Top Stories
Top Stories

UPDATE 4-Hurricane Dorian slams into North Carolina's Outer Banks with high winds, storm surge

Amanda Becker

winds, storm surge@ (Adds quotes, updates storm position)

ELIZABETH CITY, N.C., Sept 6 (Reuters) - Hurricane Dorian made landfall on the Outer Banks of North Carolina on Friday, hitting the beach resort area with powerful winds and battering waves days after reducing parts of the Bahamas to rubble.

The storm made landfall at Cape Hatteras at about 9 a.m. (1300 GMT) with maximum sustained winds of 90 miles per hour (150 km per hour), weaker than its slow, deadly tour through the Bahamas earlier in the week, according to the National Hurricane Center.

Ellen and Jon Hildebrand, both 59, had left behind their beach-adjacent home to ride out the storm at an inland hotel in Elizabeth City with their daughter, a college student. They had only moved to the Outer Banks two years ago, making Dorian their first hurricane as homeowners there.

"That's the thing that's the most nerve-racking, it's so fluid," Ellen Hildebrand said. "It keeps changing; we didn't know when to leave."

Dorian lashed the Outer Banks with hurricane-force winds as far as 45 miles (72 km) from the eye of the storm and sent tropical storm winds farther than 200 miles (320 km) from its center, the hurricane center said.

It has already dumped up to 10 inches (25 cm) of rain along the Carolinas coastline, forecasters said. It could cause storm surges as high as 7 feet (2 meters) in North Carolina.

Dorian is expected to push out north to sea later on Friday and bring tropical storm winds to Nantucket Island and Martha's Vineyard, Massachusetts, early on Saturday.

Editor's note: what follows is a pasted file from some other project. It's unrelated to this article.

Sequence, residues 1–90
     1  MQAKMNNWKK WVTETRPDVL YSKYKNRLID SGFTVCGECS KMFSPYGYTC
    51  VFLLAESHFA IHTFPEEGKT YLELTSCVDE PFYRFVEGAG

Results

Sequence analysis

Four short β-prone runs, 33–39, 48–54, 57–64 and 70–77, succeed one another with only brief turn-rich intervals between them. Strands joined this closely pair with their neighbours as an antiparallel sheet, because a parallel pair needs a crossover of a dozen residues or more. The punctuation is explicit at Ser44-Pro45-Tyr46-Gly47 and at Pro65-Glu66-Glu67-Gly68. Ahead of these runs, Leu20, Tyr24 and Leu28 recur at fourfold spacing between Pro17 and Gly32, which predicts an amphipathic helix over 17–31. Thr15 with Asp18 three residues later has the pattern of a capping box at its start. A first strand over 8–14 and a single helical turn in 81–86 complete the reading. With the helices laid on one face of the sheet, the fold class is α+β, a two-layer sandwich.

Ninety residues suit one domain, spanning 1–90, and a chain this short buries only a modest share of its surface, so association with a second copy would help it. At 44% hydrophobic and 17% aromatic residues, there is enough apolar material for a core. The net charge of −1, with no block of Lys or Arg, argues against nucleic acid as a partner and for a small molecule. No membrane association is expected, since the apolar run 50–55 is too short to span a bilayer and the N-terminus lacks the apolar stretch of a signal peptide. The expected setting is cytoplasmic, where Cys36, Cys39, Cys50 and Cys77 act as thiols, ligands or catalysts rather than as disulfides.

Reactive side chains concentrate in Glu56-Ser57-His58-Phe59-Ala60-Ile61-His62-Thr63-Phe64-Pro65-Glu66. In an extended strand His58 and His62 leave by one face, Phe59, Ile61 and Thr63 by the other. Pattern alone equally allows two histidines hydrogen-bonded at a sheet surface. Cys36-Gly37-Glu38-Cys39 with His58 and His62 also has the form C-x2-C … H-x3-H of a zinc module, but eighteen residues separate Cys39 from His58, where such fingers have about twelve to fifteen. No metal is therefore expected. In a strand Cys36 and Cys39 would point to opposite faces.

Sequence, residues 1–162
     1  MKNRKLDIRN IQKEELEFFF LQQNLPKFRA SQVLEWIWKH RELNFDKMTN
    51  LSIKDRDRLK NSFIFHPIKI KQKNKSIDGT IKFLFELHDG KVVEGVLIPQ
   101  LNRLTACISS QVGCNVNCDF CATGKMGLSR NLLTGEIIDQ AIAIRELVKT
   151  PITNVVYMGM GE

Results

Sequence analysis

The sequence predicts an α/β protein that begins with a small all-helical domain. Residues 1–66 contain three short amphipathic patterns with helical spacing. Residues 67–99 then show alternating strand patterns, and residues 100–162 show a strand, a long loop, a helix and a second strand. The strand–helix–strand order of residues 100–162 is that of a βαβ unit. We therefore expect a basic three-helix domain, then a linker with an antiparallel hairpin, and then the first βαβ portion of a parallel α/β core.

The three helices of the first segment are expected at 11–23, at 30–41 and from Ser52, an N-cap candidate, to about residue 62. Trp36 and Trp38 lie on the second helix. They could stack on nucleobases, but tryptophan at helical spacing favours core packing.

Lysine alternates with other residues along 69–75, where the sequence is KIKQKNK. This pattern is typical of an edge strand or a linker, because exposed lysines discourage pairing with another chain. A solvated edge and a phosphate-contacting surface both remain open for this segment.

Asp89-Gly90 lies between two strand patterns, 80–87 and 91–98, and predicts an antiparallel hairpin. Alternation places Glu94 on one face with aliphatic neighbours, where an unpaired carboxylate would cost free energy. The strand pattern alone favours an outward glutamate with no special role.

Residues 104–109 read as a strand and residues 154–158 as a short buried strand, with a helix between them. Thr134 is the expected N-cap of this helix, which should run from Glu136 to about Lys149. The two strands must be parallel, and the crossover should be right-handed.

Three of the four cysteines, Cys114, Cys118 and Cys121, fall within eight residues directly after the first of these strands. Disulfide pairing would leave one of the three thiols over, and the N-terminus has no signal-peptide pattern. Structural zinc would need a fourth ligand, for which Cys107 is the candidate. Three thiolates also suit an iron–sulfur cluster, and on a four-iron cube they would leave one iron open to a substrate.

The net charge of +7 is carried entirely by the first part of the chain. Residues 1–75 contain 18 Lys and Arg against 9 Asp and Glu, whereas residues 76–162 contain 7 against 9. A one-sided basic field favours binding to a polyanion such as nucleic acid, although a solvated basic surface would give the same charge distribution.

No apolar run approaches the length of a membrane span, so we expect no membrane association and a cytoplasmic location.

But it will likely spare much of the rest of the East Coast the worst of its rain and wind before making landfall in Canada's Nova Scotia that night, the hurricane center said.

The howling west flank of Dorian has soaked the Carolinas since early Thursday, flooding coastal towns, whipping up more than a dozen tornadoes and cutting power to hundreds of thousands of people.

More than 330,000 homes and businesses were without power in North Carolina and South Carolina on Friday morning.

But as Dorian is expected to pick up speed from its 14 mph (22 kph) crawl on Friday, life-threatening storm surges and dangerous winds remain a threat for much of the area, the National Hurricane Center said.

Governors in the region declared states of emergency, shut schools, opened shelters, readied National Guard troops and urged residents to heed warnings, as news media circulated fresh images of the storm's devastation in the Bahamas.

At least 70,000 Bahamians needed immediate humanitarian relief after Dorian became the most damaging storm ever to hit the island nation.

In the Carolinas alone, more than 900,000 people had been ordered to evacuate their homes. It was unclear how many did so.

Dorian whipped up at least three tornadoes in the region, officials said.

Of at least four storm-related deaths reported in the United States, three were in Orange County, Florida, during storm preparations or evacuation, the mayor's office said. In North Carolina, an 85-year-old man fell off a ladder while barricading his home for Dorian, the governor said. (Reporting by Amanda Becker in Elizabeth City, additional reporting by North Carolina in Charleston, South Carolina, and Jonathan Allen, Peter Szekely, Matt Lavietes and Scott DiSavino in New York and Rich McKay in Atlanta; editing by Scott Malone and Jonathan Oatis)